Scholarship Award: Young Steward of Public Policy

Travis James Clement
Honorable Mention 2008-2009


Scholarship Award

Young Steward of Public Policy

SRP General Dynamics C4 Systems APS The Arizona Republic Tucson Citizen

Honorable Mention 2008-2009

"Sending the Right Message"

By Travis James Clement
Dobson High School
Mesa, Arizona

On September 19, 2007 the City of Phoenix became the first city in Arizona to ban text messaging while driving. This ordinance mirrors the trends of Washington and other states, making the first steps toward passing legislation to reduce and prevent traffic collisions caused by drivers who are distracted by text messaging while operating a vehicle. The National Conference of State Legislatures reports that “driver inattention is a factor in 80 percent of motor vehicle crashes and 65 percent of near crashes” (qtd. in Shannon). Furthermore, the Virginia Tech Transportation Institute and the National Highway Traffic Safety Administration conducted a study finding “cell phone use to be the most common distraction while driving” (Munshi 2).

While few people feel it is safe to drive while distracted, James Katz, director of the Center for Mobile Communications at Rutgers University explains “it’s simply human nature to know something is dangerous but to believe one can handle it better than others” (qtd in Bruno 1), The result, according to Matt Richtel of the New York times, is that “mobile texters in the United States sent 158 billion messages last year [2006], up 95 percent from 2005, according to industry statistics” (Richtel 1).

To better understand how to handle the problem of texting-while-driving, it is best to look at its causes and effects. Drivers typically text message when traffic is slow or when stopped at a red light, in an effort to be “efficient” and “make good use of their time.” Though well intended, this is only counter-intuitive because texting-while-driving only further creates traffic problems such as traffic congestion. In explaining the findings of Peter Martin and the University of Utah’s Traffic Lab, Julie Steenhuysen states “people who use cell phones while behind the wheel impede the flow of traffic, clog highways and extend commute times” (Steenhuysen 1). Due to the number of individuals each trying to “make good use of their time” while driving, texters actually slow traffic for themselves and others, as Martin further asserts that these “delays in traffic streams of very small amounts grow into massive numbers when you project it across a highway and across a nation” (Steenhuysen 2). This is only compounded when drivers must respond to the less predictable and more dangerous driving patterns of those who text while drive. According to a Clemson University study, those who text message while driving were “ten times more likely to leave their lane than regular drivers” (Carey 1). This results in traffic further slowing down as other drivers must respond, change, and adjust to the clueless, text-messaging drivers.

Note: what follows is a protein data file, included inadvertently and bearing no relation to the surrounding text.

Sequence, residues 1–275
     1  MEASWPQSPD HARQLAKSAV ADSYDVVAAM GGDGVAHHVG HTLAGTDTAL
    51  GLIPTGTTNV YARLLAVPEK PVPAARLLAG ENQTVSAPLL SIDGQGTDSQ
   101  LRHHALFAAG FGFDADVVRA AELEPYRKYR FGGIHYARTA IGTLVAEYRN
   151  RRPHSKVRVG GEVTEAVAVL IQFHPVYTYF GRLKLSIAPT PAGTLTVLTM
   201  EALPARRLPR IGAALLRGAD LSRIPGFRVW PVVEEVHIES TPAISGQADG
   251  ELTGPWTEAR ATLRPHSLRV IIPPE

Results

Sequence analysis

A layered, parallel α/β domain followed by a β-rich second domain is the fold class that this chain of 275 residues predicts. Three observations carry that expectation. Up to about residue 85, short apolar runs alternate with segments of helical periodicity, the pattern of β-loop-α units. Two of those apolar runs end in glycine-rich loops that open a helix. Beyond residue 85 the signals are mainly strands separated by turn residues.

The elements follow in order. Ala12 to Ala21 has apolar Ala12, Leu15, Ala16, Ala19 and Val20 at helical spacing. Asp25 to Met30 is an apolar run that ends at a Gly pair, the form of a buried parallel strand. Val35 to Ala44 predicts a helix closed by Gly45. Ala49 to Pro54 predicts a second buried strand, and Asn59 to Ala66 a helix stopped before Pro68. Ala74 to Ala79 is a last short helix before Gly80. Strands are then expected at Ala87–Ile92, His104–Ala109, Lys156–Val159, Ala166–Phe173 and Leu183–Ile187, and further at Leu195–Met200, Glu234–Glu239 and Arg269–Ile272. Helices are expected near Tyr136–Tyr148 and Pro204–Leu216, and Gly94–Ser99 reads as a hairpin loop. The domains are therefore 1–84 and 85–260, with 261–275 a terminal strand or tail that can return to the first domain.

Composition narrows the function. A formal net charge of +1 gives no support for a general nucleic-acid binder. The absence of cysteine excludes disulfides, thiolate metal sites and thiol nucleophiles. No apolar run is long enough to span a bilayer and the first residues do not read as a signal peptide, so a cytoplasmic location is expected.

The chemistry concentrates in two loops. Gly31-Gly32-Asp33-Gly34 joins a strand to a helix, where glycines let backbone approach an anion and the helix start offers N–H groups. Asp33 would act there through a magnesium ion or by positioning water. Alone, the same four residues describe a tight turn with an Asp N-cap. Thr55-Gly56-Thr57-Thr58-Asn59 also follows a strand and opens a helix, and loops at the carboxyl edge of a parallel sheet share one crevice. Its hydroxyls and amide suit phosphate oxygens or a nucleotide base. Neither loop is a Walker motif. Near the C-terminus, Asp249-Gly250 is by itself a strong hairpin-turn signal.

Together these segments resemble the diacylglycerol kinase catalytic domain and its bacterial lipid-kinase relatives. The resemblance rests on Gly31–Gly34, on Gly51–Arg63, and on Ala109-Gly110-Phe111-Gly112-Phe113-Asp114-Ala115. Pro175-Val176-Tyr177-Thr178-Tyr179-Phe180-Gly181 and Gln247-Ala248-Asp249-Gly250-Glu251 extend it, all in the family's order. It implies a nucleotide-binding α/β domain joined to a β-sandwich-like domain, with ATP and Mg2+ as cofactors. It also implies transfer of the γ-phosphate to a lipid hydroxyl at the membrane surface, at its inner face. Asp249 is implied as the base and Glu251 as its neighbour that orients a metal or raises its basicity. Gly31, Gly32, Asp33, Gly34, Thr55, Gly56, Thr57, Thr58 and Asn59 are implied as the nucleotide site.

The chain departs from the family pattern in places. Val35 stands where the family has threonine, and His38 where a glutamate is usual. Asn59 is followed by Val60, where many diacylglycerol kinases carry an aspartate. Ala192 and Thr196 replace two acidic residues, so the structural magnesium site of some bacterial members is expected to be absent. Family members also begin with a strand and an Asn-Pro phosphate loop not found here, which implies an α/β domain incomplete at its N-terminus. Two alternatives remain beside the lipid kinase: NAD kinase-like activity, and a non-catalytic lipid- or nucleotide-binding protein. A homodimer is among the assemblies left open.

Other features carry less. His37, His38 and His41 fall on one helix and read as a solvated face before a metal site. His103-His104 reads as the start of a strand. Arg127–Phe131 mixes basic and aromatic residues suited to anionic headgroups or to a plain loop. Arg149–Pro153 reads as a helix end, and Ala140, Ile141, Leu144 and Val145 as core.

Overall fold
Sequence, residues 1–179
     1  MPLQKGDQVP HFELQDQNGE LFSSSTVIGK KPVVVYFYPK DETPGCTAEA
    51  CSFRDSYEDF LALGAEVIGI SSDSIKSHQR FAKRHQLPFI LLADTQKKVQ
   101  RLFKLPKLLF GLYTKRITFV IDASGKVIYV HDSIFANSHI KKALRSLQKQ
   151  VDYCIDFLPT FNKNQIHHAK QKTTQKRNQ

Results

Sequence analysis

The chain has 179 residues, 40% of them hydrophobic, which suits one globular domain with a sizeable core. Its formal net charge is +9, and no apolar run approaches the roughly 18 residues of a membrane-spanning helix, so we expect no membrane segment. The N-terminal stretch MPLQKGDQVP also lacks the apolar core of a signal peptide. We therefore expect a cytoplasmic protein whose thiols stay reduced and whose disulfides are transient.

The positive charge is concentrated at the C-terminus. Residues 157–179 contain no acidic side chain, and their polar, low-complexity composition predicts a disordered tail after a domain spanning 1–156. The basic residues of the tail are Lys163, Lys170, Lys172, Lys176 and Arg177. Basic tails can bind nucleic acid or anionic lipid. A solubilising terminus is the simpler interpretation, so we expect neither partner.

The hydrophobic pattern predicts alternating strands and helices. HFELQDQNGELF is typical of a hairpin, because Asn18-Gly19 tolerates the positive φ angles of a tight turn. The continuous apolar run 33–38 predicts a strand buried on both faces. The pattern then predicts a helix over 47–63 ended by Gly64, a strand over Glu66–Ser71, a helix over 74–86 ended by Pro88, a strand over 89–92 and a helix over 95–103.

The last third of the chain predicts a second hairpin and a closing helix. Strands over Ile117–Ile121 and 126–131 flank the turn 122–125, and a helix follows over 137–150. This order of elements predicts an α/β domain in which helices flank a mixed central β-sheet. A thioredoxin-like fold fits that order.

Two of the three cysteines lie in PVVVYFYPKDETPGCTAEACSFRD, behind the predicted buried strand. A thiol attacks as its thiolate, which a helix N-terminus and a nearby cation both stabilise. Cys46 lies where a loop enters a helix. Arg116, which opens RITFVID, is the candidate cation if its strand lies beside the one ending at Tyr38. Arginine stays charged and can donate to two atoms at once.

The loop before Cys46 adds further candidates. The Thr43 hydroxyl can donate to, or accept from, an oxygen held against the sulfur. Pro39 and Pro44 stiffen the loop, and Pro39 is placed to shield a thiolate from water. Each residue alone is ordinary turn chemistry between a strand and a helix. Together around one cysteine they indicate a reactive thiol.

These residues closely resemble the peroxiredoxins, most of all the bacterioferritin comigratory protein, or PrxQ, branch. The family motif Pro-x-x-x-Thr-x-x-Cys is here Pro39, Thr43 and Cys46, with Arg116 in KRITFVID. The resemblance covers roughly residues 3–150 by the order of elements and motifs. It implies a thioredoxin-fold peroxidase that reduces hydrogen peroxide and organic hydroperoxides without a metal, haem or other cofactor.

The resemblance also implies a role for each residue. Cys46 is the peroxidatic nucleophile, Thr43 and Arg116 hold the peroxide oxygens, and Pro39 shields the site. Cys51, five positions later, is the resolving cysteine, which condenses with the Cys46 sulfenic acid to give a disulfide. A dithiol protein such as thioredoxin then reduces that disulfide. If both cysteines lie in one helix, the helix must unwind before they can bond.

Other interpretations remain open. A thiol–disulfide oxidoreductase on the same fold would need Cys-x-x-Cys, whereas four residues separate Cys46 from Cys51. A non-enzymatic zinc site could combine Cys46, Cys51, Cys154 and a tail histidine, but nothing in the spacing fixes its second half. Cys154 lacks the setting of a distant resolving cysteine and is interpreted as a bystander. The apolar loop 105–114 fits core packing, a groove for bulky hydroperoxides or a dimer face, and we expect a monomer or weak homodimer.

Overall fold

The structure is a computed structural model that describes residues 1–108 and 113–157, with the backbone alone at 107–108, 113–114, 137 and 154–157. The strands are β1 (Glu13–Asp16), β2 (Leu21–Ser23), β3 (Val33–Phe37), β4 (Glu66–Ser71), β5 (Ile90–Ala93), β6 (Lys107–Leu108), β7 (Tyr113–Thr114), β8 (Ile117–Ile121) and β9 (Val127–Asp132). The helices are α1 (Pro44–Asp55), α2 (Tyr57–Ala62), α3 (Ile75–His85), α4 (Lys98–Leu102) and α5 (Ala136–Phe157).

The first and best step toward addressing this problem would be a statewide ban on text-messaging while driving. The Social Research Laboratory at Northern Arizona University found that “fifty-four percent of Arizonans favored a ban on speaking on a cell phone while driving. Sixty-two percent favored a ban on text-messaging while driving” (Munshi 2). In weighing the level of driver distraction, impairment, and impact caused by text messaging, Simon Washington, a civil-engineering professor and transportation expert at Arizona State University stated “we prosecute people driving at a blood-alcohol content of 0.08...using cell phones is as dangerous” (Munshi 2). Furthermore, in weighing the effectiveness of a similar, potential New York State ban, State Senator Marcellino states that “just by virtue of knowing that something is against the law, most people will avoid doing it” (O’Connor 2). Because making a law against this practice sends a message to drivers that it is unnecessary and dangerous, the prevalence of this habit is bound to decrease. Coupled with education and enforcement, an Arizona ban on “text messaging while driving” would result in fewer traffic problems, and safer streets for texters and non-texters alike.

Works Cited:

Bruno, Laura. “Stop text messaging, drivers urged.” USA TODAY. 2008

Carey, Liz. “Clemson study shows texting while driving is...well, dumb.” Clemson University. 3 Jan. 2008.

Munshi, Sonu. “Legislator will revive push to ban texting while driving.” The Arizona Republic. 27 Nov. 2007

O’Connor, Anahad. “New York Ban on Texting While Driving Proposed.” The New York Times. 18 Jul. 2007

Richtel, Matt. “ Hands on the Wheel, Not on the BlackBerry Keys.” The New York Times. 12 May 2007

Shannon, Brad. “‘08 set of laws starts today.” The Olympian. 1 Jan. 2008

Steenhuysen, Julie. “Cell phone users tie up traffic: study.” Reuters. 2 Jan. 2008.

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